How many of you have trouble falling asleep? I know I do! When exam time rolls around the corner I seem to think of nothing but that. Not to mention, the 10 billion things I have to do before the end of my week! Sure, it’s normal to feel stressed around these times, but is it normal to experience stress and anxiety more often than that?
Let’s briefly look at the science. Research from the American Psychological Association has found that some people may experience chronic stress (defined as constant stress that persists over an extended period of time and impacts our psychological and physical well-being), with sleep disturbance as one of the most common symptoms.
To date, an average of 7 out of 10 adults in the US have difficulty sleeping (Stress and Anxiety Disorders Association of America). Women are more likely to experience stress-induced sleep problems than men and often feel not well-rested after sleep. They also tend to have more trouble sleeping and more difficulty staying asleep at night. These results are not surprising given the nature of our busy and fast-paced lifestyle today – to get more things done in less time. But if you feel stress is taking over your life, perhaps it’s time to visit your physician (just to be sure it’s not chronic stress). Yet, in many cases, we can manage our stress by proactively re-framing our perspective and knowing when to call the shots.
I know what you’re thinking. You don’t think you deserve the time off from work or school…but know what’s even worse? Feeling burnt out.
Here are a few unconventional and creative tips to get you started (see my list of ideas below). Believe me, if you plan 5-10 minutes each day and spend that time doing you truly like, you will not only feel happier, but more refreshed, recharged and ready to take on the next task you set out to do!
I personally engage in meditative-relaxation for 10-15 minutes each day and it makes a huge difference. If you’re into this kind of thing, YouTube is a great (FREE) resource with plenty of guided meditative-relaxation tutorials you can try. (Here is a guided mediation video you can start with)
Try these other stress-reducing ideas:
- Join an improv or drama club (laughing is great medicine!)
- Sing in the shower (who cares, nobody is watching!…and if they are, have them enjoy the show!)
- Take up art classes (e.g. fine arts, pottery, dance, hip-hop, creative writing, glass-making)
- Drink to your happiness (yes, beer and that good stuff in moderate amounts! We all know a bit of red is also good for your heart health too! CHEERS TO THAT!)
- Get your morning cuppa (caffeine from coffee or tea in moderate amounts have been shown to reduce stress and improve alertness. But you knew the last point already, I’m sure. Fine, one more for the books – caffeine may also help to reduce your risk for depression!)
- Learn a new language (or brush up on one you already know) – It doesn’t hurt to be bilingual or multilingual! This also makes world-traveling easier.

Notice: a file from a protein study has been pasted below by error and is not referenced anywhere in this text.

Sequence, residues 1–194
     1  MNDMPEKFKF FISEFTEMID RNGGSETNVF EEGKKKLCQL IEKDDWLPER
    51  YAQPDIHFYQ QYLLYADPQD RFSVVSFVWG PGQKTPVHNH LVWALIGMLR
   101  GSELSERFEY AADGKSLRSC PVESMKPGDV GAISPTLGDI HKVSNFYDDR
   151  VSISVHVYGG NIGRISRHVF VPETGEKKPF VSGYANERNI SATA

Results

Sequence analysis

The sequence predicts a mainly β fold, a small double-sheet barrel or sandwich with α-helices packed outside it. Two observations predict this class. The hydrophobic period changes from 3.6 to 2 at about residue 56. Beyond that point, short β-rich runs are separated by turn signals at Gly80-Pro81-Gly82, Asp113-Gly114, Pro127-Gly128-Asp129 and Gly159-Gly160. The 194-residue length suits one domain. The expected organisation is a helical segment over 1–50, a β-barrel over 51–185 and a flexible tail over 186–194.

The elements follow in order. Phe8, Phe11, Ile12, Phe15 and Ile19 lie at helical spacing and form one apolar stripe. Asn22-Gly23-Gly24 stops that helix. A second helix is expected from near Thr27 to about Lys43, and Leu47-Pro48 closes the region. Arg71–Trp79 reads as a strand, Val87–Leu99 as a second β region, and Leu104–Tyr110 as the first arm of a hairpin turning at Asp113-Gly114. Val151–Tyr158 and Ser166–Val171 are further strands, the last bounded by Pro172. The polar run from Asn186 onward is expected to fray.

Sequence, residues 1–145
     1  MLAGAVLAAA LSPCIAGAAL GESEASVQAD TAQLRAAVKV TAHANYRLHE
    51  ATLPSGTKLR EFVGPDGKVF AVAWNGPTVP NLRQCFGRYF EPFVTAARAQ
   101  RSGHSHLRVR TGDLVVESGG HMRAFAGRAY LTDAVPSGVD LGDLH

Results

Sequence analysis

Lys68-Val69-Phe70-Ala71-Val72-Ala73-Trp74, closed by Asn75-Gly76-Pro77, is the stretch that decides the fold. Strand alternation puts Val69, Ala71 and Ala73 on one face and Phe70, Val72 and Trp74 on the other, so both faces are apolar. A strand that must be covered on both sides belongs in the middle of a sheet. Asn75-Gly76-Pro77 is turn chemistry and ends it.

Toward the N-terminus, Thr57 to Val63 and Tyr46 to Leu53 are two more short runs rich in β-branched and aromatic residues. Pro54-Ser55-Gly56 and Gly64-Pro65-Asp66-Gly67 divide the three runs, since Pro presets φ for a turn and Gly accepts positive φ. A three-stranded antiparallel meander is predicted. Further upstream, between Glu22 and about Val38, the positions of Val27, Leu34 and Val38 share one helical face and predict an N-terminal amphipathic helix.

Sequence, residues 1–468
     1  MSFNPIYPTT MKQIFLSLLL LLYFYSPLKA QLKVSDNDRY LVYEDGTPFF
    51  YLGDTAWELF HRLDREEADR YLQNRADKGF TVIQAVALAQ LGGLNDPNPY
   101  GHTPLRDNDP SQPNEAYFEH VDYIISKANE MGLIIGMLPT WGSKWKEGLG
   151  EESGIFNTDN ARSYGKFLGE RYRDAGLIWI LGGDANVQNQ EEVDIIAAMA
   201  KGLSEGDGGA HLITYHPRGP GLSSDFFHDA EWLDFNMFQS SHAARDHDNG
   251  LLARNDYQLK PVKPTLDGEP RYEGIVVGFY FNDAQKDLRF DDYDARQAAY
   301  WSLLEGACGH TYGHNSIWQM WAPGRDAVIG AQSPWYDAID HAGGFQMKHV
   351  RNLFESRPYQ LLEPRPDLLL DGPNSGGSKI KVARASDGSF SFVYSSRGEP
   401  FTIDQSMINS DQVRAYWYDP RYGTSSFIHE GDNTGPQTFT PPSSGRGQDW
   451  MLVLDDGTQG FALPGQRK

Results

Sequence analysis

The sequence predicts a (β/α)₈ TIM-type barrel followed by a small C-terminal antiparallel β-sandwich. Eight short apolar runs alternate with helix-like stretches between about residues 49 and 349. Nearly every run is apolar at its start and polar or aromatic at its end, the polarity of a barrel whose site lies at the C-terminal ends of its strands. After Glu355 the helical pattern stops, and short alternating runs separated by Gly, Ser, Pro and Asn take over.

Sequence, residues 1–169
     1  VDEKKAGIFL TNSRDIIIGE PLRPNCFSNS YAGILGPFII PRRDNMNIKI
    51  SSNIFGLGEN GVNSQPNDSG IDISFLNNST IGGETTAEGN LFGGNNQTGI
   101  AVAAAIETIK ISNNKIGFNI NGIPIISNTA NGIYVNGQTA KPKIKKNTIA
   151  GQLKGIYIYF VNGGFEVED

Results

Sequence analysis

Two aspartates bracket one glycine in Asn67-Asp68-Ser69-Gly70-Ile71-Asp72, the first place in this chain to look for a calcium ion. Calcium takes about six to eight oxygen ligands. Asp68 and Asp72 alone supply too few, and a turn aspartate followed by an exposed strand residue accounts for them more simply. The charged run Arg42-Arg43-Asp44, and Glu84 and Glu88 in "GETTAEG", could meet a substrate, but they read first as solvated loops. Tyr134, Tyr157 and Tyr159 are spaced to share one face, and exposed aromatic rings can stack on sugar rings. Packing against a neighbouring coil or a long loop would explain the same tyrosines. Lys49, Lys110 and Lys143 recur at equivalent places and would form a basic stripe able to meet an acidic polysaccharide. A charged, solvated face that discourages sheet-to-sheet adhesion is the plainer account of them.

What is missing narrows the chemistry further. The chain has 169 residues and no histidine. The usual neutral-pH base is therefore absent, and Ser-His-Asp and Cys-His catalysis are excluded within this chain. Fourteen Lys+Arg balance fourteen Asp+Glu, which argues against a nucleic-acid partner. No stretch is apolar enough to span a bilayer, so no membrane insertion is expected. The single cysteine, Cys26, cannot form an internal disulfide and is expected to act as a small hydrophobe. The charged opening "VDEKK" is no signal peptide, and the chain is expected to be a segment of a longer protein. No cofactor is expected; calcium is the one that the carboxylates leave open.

- Volunteer – Giving time to your local or international community is a great way to reconnect with people, network and socialize…not to mention, feel good!
- Attend a circus school/ workshop – Not that I’m asking you to quit school and join a circus, but acrobatics can be lots of fun! The Aerial Arts of Rochester is one of the many places you can check out!
- Try to break a World Record – Here’s something to aim for! Guinness probably has one of the most interesting listings of world records to date. I’m sure you can figure something out with your roomies, right?
- Create your own contest – Set-up a fun contest with your friends, coworkers, classmates or family members with an attainable healthy goal that everyone agrees to (e.g. reaching 10,000 steps per day, waking up on time, or doing all the laundry by 3 pm on Sundays, etc.). Every party can chip in $5 and add it to the winner’s pot. Not only will you get your chores done or maintain healthy habits, but you can also add a dose of good competition…and it would be a bonus if you won, right?
- Chamomile and lavender – These herbal teas and, or scents have been shown to help reduce stress and calm you down. If you ever feel like you need to shake off your anxiety, this may do just the trick.
- Light therapy – SAD (aka. Seasonal Affective Disorder) is actually an occurrence in some people who get depression from seasonal changes. Light therapy has been found to work on some individuals. If you ever feel slightly under the weather, try taking in some sunshine! If you can’t, paint your room or redecorate your house with bright objects…even wearing bright colors can sometimes lift your mood!
- Google Calendar or Agenda – Really?! Yes, really. Space out your workload (and do it realistically) so you don’t pile on too much for one day. Add in “fun” and “relaxing” slots so you can give yourself some mental and physical balance. I know this is not THAT creative, but you know I’m right on this.
- Knowing your limits – Sometimes it’s a matter of being able to say NO and putting a limit to how much you should do each day. You know yourself best and if you feel overwhelmed, try to slow down. Stop, think and re-plan. Communicating your schedule and negotiating a workable plan with your professors or your boss at work could make the biggest difference. In many cases, if you give people enough heads-up and with good reason why something should be postponed/ rescheduled, they can usually accommodate you.
I hope these suggestions were helpful as you finish off the last half of your Spring term! How do you de-stress? Let us know in the comments section below! Carpe diem! 🙂